The building will be a duplicate of one of the emperor’s most beautiful and ancient temples.  It will be built in Japan in sections, taken apart, sent to America in a Japanese war-vessel, and put together by the emperor’s own workmen at Jackson Park.  The garden, too, will be laid out in Japan, and Mr. Tegima promises that landscape gardening effects will be produced far more wonderful and beautiful than anything before seen outside his own country.  Tons of earth will be brought with the plants, as many of those to be used thrive only in their native soil.

Inside the Japanese palace will be a collection of relics, carvings and other articles showing the implements of industry and the art treasures of this ancient people.  Many of these articles will be loaned by the emperor from his private collection, and from the national museums.  Native attendants and soldiers will have charge of and guard these treasures of the East, and native gardeners will have exclusive charge of the flower beds.  In short, a small section of Japan will be shown at the fair.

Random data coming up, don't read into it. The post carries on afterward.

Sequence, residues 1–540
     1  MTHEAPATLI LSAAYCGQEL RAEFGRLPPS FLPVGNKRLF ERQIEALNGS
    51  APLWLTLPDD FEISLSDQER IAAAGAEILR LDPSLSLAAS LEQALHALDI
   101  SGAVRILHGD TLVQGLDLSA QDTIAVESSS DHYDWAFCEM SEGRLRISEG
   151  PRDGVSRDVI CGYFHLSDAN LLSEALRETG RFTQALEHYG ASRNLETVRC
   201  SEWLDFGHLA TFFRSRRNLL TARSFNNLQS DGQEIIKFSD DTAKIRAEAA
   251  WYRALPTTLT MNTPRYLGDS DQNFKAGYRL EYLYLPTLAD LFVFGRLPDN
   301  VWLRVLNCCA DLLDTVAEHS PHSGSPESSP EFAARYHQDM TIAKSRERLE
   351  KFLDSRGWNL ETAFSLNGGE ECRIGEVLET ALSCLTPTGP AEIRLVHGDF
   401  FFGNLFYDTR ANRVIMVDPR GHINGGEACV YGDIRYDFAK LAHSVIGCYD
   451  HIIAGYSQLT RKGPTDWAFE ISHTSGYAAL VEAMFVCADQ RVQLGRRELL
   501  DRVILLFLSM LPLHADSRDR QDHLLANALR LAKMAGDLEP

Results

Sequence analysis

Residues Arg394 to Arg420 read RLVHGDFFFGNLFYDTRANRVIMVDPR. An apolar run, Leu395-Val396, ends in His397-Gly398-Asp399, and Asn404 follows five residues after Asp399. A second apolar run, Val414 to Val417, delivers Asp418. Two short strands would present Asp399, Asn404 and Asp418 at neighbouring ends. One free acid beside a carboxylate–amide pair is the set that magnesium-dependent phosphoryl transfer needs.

Altogether Japan will occupy within the exposition grounds 148, 975 square feet of space.”

Anxious to provide the exposition with the best representation of Japan, the number of items shipped far exceeded by many tons the contracted amount.  The Meiji had heavily invested in the industrialization of Japan and promoting their arts and goods to the world.  The enthusiasm for the opportunity the exposition offered was met with an enormous gathering of exhibit material.  What was excess was sold at the Exposition and shops in Chicago.

“The Japan Daily Mail” revealed that the “Ho-o-den” – the pavilion- was so jammed with items “as to be well-nigh bewildering”.  The pavilion, known to westerners as the Phoenix Pavilion, was given to the City of Chicago as a permanent showcase of Japanese art and a gesture of good will and the city maintained it thus for 120 years.

The pavilion was lost to fire in 1946, but many of the individual items remain and revitalization is underway.  Just last year three two-sided panels called fusuma were found in a Chicago Park facility.  Yoko Ono has contributed a major piece of art to the project.  The garden in Jackson Park has been re-designated as “The Garden of the Phoenix” and promises to restore the grounds, install a pavilion and once again inspire visitors to the site.

tejima_seiichi

Seiichi Tejima.